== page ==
I’m a closet actor.  :o)  Seriously, I have to become my character and see the world through my character’s eyes.  There are many ways of doing that.  I do extensive research about the time and the place and culture so I know how people behave in that particular setting.  I observe kids today, I remember kids from my own childhood.  For Seeing Red, in particular, I walked in the Virginia woods and observed the trees and rocks and creek, throwing stones and stomping on acorns just like Red did.  I sat in the type of desk classrooms had in the early ‘70’s with the attached desk with pencil groove and the seat with a place underneath for your books.  I listened to all the music on my playlist (which is on my website) and much more, and watched movies of and about the era.  I went to historical societies and museums, including the Robert Russa Moton museum in Farmville, Virginia, which shows the history of Massive Resistance in Virginia as if you’re living it.  I visited Rosenwald schools.  I talked with people who lived through that era.  I ate the food Red ate.  I watched the TV shows he watched.  I played Rock’em Sock’em Robots.  I did his chores.  I talked like Red, acted like him, and thought like him.  Basically, I was Red.

Red Porter is a sympathetic character who does some terrible things. How did you balance his guilt with his drive to make things right?
At his core, we know Red is a good person and wants to do the right thing.  We all make mistakes and he feels great remorse for his.  And he tries to make up for what he does.  Those are all admirable qualities.  It’s not that hard to forgive someone who’s earnest and truly sorry and tries to make things right.  If he -- or we -- can use guilt or any negative emotion to spur us into taking action for justice, that’s a good thing.

Secrets propel this story forward. How did you devise this vehicle for your plot? How did you manage to juggle the book’s complex plot strands?
Secrets are an element of the story because we all have them.  And it’s important to know that things are not always as they seem.  We often make judgments based on insufficient evidence.  We need to dig deeper, think critically.  For example, Red is mistaken about Mr. Reynolds based on assumptions and his own prejudices.  We need to get past that.  As far as juggling the issues, I use a software tool to help me organize my story and plot.  With that, I can try make sure the threads of the story are woven in a way that makes sense.

Have you gotten any reactions from young readers about Seeing Red?
Yes, I’m delighted to be receiving fan mail and reviews from young readers.  My favorite is from a girl who said she would’ve given Seeing Red a 5 out of 5 but had to give it a 4 because she was so mad when it ended since she didn’t want the story to be over yet.  I love that!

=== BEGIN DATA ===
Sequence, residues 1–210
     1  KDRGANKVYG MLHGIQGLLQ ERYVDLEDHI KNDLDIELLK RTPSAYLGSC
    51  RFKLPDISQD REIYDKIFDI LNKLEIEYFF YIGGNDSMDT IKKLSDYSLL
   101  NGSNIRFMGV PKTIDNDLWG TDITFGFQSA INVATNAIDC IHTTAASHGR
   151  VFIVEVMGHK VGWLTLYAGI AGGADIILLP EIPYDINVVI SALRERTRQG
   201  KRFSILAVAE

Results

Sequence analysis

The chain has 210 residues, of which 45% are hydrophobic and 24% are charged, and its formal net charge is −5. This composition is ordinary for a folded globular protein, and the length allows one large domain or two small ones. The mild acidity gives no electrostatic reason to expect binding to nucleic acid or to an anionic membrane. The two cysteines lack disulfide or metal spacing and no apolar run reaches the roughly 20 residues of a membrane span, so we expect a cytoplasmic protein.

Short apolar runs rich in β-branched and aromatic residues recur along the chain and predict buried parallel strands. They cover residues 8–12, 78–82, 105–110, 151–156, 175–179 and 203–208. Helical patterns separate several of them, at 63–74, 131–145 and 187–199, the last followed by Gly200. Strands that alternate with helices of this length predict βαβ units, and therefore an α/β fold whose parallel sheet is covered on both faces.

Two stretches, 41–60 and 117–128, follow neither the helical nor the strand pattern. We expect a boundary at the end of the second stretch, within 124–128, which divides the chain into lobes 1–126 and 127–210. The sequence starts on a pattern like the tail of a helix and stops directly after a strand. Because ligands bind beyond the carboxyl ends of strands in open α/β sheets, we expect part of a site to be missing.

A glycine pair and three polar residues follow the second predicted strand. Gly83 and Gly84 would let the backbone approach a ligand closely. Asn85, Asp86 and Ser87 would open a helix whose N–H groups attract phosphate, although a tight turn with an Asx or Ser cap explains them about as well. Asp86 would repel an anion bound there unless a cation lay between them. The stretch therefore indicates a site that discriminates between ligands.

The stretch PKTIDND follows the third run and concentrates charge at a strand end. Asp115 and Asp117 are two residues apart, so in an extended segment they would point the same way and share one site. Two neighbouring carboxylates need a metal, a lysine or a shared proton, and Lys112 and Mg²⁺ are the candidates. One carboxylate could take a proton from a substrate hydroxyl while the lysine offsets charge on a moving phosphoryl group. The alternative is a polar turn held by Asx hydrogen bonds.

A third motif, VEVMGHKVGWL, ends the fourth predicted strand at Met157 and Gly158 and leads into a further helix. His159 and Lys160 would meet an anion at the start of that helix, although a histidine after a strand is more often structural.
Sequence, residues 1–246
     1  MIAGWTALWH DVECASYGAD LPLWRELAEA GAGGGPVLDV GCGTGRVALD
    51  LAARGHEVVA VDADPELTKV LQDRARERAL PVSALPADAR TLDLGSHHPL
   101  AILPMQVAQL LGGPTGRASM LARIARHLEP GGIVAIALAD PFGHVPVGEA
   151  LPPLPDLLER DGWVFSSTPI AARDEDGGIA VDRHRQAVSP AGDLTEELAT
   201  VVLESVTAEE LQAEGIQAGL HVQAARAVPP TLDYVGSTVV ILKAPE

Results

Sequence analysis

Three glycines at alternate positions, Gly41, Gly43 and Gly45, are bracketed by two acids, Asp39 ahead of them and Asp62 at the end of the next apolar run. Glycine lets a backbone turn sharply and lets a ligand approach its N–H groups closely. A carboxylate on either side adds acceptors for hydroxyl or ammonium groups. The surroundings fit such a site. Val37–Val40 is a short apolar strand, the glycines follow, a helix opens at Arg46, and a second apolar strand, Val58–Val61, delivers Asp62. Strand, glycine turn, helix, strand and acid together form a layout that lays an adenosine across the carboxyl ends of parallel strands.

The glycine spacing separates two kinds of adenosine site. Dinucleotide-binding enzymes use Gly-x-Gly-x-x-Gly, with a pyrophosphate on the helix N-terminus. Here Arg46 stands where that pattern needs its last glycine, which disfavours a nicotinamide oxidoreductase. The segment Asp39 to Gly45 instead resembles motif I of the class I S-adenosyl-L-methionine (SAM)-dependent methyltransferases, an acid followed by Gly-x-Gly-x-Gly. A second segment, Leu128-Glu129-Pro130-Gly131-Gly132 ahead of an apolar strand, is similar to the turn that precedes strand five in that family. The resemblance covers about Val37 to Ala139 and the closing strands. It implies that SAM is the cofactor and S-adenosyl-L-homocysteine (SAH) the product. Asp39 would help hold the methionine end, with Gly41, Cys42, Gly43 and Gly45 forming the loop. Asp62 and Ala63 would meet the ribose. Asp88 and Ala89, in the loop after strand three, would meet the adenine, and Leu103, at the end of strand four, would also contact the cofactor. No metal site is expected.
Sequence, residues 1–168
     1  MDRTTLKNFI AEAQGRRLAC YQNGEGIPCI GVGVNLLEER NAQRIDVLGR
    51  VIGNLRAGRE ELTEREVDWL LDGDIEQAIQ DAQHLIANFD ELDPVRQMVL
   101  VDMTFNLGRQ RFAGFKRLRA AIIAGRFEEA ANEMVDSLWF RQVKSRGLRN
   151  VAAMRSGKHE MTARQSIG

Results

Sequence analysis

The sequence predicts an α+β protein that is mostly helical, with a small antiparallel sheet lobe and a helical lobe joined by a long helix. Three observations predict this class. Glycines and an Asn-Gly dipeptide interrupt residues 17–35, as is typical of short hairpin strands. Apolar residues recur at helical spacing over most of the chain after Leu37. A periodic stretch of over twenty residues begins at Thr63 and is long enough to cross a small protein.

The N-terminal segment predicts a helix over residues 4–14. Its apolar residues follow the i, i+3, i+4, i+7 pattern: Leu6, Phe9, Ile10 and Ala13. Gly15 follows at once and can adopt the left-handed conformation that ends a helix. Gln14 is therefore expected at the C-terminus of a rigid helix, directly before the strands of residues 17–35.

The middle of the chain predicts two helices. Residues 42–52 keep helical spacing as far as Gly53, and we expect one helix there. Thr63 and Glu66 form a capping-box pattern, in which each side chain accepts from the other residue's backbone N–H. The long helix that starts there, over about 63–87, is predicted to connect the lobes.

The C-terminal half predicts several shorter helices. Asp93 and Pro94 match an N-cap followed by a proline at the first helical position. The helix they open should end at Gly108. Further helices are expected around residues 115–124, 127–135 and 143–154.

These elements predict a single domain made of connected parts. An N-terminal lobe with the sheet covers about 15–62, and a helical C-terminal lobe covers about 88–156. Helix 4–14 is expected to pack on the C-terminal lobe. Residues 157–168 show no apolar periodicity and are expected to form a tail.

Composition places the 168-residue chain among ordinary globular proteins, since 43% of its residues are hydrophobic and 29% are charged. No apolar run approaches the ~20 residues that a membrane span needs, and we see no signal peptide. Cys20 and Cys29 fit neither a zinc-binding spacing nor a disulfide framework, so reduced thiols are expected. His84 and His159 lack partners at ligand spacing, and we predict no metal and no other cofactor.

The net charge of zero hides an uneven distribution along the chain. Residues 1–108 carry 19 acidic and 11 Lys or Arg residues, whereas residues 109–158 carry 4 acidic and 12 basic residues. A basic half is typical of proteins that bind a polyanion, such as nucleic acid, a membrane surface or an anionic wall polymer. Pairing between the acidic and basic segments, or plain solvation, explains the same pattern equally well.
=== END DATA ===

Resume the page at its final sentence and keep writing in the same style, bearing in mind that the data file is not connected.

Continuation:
You’ve written about a boy with a math disability in The Absolute Value of Mike, a girl with Aspergers’ Syndrome in Mockingbird, a foster child in Quaking, and apartheid in Ibhubesi. What drew you to these topics? Do you see any common themes running through all your books?
One of the fun things about being an author is the variety -- you can write about anything!  I enjoy topics that might show young readers something they may know little about.  Reading a novel is an entertaining way of learning.  I think a common theme in my books is tolerance.  Understanding and appreciating people’s differences is important to me perhaps because of growing up in a variety of cultures and always being the different one myself.  And it’s vital for a functioning society.  Now that you mention it, the main character in my next book has albinism!

What’s next? I read some hints that the book you’re working on now will be set in Newfoundland. Can you tell us more?
Ah, well, I did write a YA novel set in Newfoundland but it needs work.  More recently I’ve been working on an adult novel set there.  What’s actually next is The Badger Knight, a Middle Ages adventure novel that Scholastic is publishing this fall.  I love the Middle Ages because it’s almost like fantasy with knights and longbows and superstitions but it actually happened which makes it even more interesting to me.  The main character, Adrian, has albinism and dealing with a difference like that in the Middle Ages could be more than uncomfortable; it could be dangerous.

Is there anything else you’d like to share with our readers?
I’m so grateful to my readers and hope to keep writing books they enjoy.  I have several projects going right now -- some picture books, a novel in verse, a teen road trip novel, and two others that are still in that amorphous phase where the characters are talking to me but I’m not exactly sure where they’re going yet … but I hope to find out soon!
Thank you so much for hosting me on Lupine Seeds, Linda!

Thanks so much for being my guest! Readers can find out more about Kathryn Erskine and her books at

And thanks to all my readers for stopping by. I wanted to share my good new before I close. The Children's Book Council has named When Rivers Burned: The Earth Day Story as a 2014 Outstanding Science Trade Book and a 2014 Notable Social Studies Book.